Jojoba Oil: Good for either very dry or very oily skin; can be added to other carrier oils to extend their shelf life (Indefinite shelf life)
Kukui Oil: Penetrates the skin well and nourishes the skin thanks to high essential fatty acid content (12 month shelf life)
Macadamia Nut Oil: Aroma may overpower your essential oil if not diluted with another base oil (12 month shelf life)
Meadowfoam Seed Oil: Rich in Vitamin E and anti-oxidants and virtually colorless and odorless (Indefinite shelf life)
Olive Oil: Good for most aromatherapy applications; “extra virgin” oil has the highest amount of vitamins and minerals (12-24 month shelf life)
Peanut Oil: Good basic aromatherapy oil; rich in vitamins and proteins; may leave skin with an oily film (12 month shelf life)
Pecan Oil: Best when diluted with another vegetable oil; leaves oily film on skin but has good penetration (12 month shelf life)
Pomegranate Seed Oil: Incredibly rich in anti-oxidants and a helpful soothing and skin softening oil (12 month shelf life)
Rose Hip Oil: Excellent for soothing and supporting many skin conditions. It is expensive and is usually blended in a small (often 10%) dilution with other carrier oils. It goes rancid rather quickly (6-12 month shelf life)
Rice Bran Oil: Non-greasy, smooth and creamy oil that’s very high in Vitamin E and fatty acids (12 month shelf life)
Sesame Oil: Good for a supporting a variety of skin conditions; rich with Vitamin E, minerals, and proteins (12 month shelf life)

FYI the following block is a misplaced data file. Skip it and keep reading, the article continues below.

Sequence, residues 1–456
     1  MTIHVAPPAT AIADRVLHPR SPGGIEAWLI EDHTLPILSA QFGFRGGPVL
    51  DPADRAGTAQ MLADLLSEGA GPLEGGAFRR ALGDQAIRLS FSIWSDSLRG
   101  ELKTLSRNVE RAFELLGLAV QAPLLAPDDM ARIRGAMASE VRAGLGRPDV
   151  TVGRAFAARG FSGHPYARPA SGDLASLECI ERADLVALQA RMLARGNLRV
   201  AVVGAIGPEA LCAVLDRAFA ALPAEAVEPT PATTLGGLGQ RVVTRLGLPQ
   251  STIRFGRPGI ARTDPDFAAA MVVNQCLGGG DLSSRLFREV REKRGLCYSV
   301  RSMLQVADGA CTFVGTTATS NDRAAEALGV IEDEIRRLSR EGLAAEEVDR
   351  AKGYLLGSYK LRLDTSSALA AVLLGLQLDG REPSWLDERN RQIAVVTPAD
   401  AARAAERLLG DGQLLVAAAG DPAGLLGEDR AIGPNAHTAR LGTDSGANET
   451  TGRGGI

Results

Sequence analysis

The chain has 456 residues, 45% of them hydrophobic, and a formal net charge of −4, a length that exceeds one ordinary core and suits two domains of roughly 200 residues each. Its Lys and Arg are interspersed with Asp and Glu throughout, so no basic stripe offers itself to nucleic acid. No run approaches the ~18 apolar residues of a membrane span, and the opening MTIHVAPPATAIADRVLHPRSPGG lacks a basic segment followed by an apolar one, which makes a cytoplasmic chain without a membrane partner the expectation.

Shea Butter: Soothes and nourishes the skin (up to 2 year shelf life)
Sunflower Oil: Good for massage, body lotions, and body oils; rich in Vitamin E (12 month shelf life)
Sweet Almond Oil: Commonly used as a massage oil; loaded with protein; absorbs into the skin rapidly; odorless (12 month shelf life)
Soy Oil: Good as a massage oil; high in Vitamin E and easily absorbed (12 month shelf life)
Walnut Oil: Good for supporting dry skin; absorbs easily (12 month shelf life)
Watermelon Seed Oil: A highly stable oil that nourishes the skin and absorbs well (24 month shelf life)
Wheatgerm Oil: Very high in Vitamins A, D, and E (be careful when used on anyone with wheat allergies) (12 month shelf life)
Estimated average shelf life under proper storage conditions (cool area, out of direct sunlight).
Vegetable butters are not carrier oils, but the beneficial properties of vegetable butters like Cocoa Butter and Shea Butter make them suitable for use in aromatherapy.
Vegetable butters are similar to vegetable oils but are solid at room temperature. Vegetable butters are processed by a wide variety of methods, so it’s especially important to check the method of extraction when shopping for butters. Always try to use butters that are cold-pressed.